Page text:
Genetic engineering - was made possible through a series of scientific advances including the discovery of DNA and the creation of the first recombinant bacteria in 1973, i.e., E .coli expressing a salmonella gene. This led to concerns in the scientific community about potential risks from genetic engineering.
A genetically modified organism (GMO) or genetically engineered organism (GEO) is an organism (plant or animal) whose genetic material has been altered using genetic engineering techniques. These modifications are generally used to benefit medicine or food production. There is controversy about these techniques, as there are fears of tampering with an organism's evolution, and the long-term irreversible effects that could come from that tampering.
The general principle of producing a GMO is to add a lot of genetic material into an organism's genome to generate new traits. These techniques, generally known as recombinant DNA technology, use DNA molecules from different sources, which are combined into one molecule to create a new set of genes. This DNA is then transferred into an organism, giving it modified or novel genes. Transgenic organisms, a subset of GMOs, are organisms which have inserted DNA that originated in a different species.

Genetically modified bacteria were the first organisms to be modified in the laboratory, due to their simple genetics. These organisms are now used for several purposes, and are particularly important in producing large amounts of pure human proteins for use in medicine.The first example of this occurred in 1978 when Herbert Boyer working at a University of California laboratory took a version of the human insulin gene and inserted into the bacterium Escherichia coli to produce synthetic "human" insulin.The drug industry has made good use of this discovery in its quest to cure diabetes. Similar bacteria have been used to produce clotting factors to treat haemophilia, and human growth hormone to treat various forms of dwarfism. These recombinant proteins are safer than the products they replaced, since the older products were purified from cadavers and could transmit diseases. Indeed the human-derived proteins caused many cases of AIDS and hepatitis C in haemophilliacs and Creutzfeldt-Jakob disease from human growth hormone.
For instance, the bacteria which cause tooth decay are called Streptococcus mutans. These bacteria consume leftover sugars in the mouth, producing lactic acid that corrodes tooth enamel and ultimately causes cavities. Scientists have recently modified Streptococcus mutans to produce no lactic acid. These transgenic bacteria, if properly colonized in a person's mouth, could reduce the formation of cavities. Transgenic microbes have also been used in recent research to kill or hinder tumors, and to fight Crohn's disease. Genetically modified bacteria are also used in some soils to facilitate crop growth, and can also produce chemicals which are toxic to crop pests.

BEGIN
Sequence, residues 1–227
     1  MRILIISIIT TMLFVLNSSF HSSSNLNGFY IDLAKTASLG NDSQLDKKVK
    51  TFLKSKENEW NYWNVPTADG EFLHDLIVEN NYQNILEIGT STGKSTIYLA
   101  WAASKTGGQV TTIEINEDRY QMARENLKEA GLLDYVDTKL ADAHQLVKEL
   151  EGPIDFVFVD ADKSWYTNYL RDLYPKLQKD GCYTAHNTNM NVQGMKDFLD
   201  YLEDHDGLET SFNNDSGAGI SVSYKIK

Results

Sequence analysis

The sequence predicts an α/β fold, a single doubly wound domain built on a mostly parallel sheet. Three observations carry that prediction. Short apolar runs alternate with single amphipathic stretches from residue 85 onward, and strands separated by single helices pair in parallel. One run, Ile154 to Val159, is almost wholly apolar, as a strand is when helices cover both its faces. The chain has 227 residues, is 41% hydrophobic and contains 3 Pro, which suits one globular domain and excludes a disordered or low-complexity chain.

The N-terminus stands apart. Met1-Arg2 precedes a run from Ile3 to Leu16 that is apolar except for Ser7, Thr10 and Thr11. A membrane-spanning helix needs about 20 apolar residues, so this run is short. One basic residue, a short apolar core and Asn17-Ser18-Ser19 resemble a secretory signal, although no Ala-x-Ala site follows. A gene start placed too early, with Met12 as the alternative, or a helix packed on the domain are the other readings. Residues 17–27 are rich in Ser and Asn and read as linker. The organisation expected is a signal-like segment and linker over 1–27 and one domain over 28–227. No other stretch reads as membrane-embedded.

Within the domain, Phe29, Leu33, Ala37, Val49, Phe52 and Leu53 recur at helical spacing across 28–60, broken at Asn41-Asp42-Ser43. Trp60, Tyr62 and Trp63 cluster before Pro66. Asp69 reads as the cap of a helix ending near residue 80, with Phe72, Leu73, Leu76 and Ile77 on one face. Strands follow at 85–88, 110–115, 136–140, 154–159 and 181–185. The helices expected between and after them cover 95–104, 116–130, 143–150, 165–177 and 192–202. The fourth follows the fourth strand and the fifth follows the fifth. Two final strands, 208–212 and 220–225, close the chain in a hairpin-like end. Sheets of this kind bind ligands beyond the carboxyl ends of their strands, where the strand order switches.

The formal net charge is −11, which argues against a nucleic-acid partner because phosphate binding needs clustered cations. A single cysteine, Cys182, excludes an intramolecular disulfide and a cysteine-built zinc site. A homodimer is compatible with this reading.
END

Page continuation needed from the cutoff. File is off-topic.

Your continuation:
Moving Genes between Species—how to do……

  • The process by which scientists introduce new genetic material into a microorganism is called molecular or gene cloning or genetic engineering.
  • It involves the isolation of DNA from a source other than the microorganism itself. Source organisms span the world of living things, from microbes to plants to animals, including humans. Scientists obtain source DNA in several different ways: by disrupting cells of the target microbe (or plant or animal) and fragmenting it into small pieces, by synthesizing it from an RNA template using an enzyme called reverse transcriptase, or by knowing the specific gene sequence and synthesizing it directly in the laboratory.
  • Once obtained, the pieces of DNA are inserted into a small genetic component that has the ability to make copies of itself (replicate) independently from the microbial genome. This self-replicating unit is called a cloning vector. Although these genetic elements exist naturally in the form of plasmids and bacterial viruses, many of the ones used today have been altered to improve their properties for transferring genes. Restriction enzymes, which nick the donor DNA and the cloning vector at specific sites, and DNA ligase, which attaches the donor DNA to the cloning vector, allow the source genes of interest to be inserted into the cloning vector without disrupting its ability to replicate.
  • The next step in the process is the introduction of the cloning vector with its segment of new DNA into a living cell. Bacteria have the ability to transport DNA into their cells in a process called transformation, and this ability is commonly exploited to achieve this goal. Getting the DNA into the cell, however, is only the beginning. No transformation is 100 percent efficient, and so the bacteria that receive the gene(s) of interest must be separated from those that did not. One of the best studied and most commonly used cloning vectors, pBR322, is especially useful for this purpose, as it contains several genes for antibiotic resistance. Hence, any cell transformed with DNA containing pBR322 will be antibiotic resistant, and thus can be isolated from similar cells that have not be so transformed by merely growing them in the presence of the appropriate drugs. All that remains is to identify bacteria that are producing the product of the desired gene(s), and cloning is a success.